Nine Perfect Strangers by Liane Moriarty (Fiction)

Writing: 4 Characters: 5 Plot: 3

A gripping, character driven, novel — classic Moriarty. A fairly simple plot — nine “perfect strangers” sign up for a ten-day retreat at a high-end health resort promising a “transformational” experience. Each is there for wildly different reasons and none really expects to be “a different person” at the end but … it’s possible they will be.

Moriarty draws interesting, intricate, and believable characters. Each character — across a wide range of backgrounds, ages, and motivations — is completely developed in the story. Each chapter is told from a specific character’s point of view, giving rise to some fascinating contrasts between what a character is saying, is thinking, and is assuming about the others. I was most interested in these assumptions and the way those perceptions of each other shifted over time with more exposure and information. It’s rare that we get so much insightful detail about how our assumptions play into our behavior towards people and vice versa.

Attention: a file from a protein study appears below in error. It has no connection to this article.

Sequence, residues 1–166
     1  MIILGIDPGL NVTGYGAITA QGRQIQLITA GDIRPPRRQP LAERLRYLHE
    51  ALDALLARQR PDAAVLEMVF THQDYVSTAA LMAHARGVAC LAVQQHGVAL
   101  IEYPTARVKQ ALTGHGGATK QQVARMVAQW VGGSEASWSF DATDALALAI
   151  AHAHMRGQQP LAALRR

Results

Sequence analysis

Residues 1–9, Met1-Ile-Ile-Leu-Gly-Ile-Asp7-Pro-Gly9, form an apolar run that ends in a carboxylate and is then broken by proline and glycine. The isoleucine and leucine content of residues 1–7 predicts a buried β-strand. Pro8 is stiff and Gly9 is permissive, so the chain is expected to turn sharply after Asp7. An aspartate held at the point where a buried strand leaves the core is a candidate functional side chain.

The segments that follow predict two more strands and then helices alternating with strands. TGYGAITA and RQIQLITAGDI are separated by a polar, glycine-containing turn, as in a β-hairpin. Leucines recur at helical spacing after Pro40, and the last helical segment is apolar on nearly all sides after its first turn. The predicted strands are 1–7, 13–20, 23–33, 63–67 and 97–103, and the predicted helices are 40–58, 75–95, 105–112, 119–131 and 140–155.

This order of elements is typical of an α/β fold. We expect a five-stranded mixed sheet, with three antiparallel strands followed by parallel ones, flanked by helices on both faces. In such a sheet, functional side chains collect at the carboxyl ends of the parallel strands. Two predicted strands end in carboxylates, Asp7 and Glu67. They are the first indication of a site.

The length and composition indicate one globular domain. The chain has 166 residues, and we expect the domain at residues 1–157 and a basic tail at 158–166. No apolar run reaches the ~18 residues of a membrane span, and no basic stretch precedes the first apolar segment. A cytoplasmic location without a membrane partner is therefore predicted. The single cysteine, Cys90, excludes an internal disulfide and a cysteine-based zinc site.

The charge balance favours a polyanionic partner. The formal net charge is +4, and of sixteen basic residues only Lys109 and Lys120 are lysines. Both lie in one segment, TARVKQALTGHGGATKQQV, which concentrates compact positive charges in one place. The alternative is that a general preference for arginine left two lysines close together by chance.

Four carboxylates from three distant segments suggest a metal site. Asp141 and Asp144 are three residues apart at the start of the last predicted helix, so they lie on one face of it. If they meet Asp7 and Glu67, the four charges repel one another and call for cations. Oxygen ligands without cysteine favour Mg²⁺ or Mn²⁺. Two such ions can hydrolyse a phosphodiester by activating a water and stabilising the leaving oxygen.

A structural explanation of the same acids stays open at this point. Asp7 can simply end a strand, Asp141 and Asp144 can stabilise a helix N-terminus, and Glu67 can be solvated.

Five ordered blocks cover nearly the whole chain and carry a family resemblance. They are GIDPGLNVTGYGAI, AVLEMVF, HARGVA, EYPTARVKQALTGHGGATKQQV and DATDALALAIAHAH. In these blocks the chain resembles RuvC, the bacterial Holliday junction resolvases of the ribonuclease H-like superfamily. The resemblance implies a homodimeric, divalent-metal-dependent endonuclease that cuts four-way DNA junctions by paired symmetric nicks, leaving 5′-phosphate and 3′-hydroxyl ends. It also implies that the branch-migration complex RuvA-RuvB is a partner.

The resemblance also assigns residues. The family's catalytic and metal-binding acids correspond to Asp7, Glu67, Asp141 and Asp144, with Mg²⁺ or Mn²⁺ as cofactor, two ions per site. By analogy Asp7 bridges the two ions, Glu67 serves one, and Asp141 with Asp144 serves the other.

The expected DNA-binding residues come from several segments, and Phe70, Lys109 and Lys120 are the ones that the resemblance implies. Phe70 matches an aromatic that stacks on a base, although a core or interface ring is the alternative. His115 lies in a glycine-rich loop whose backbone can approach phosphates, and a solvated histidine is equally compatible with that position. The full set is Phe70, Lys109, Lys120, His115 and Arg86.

The story includes many social issues such as microdosing, lotteries, teen suicide, shaming, and trophy wives. My favorite line and sly message about the “shaming” current authors are susceptible to (as expressed by character Frances Welty, aging romance author: “She dared to look up and the stars were a million darting eyes on the lookout for rule-breaking in her story: sexism, ageism, racism, tokenism, ableism, plagiarism, cultural appropriation, fat-shaming, body-shaming, slut-shaming, vegetarian-shaming, real-estate-shaming. The voice of the Almighty Internet boomed from the sky: Shame on you!”

Great read!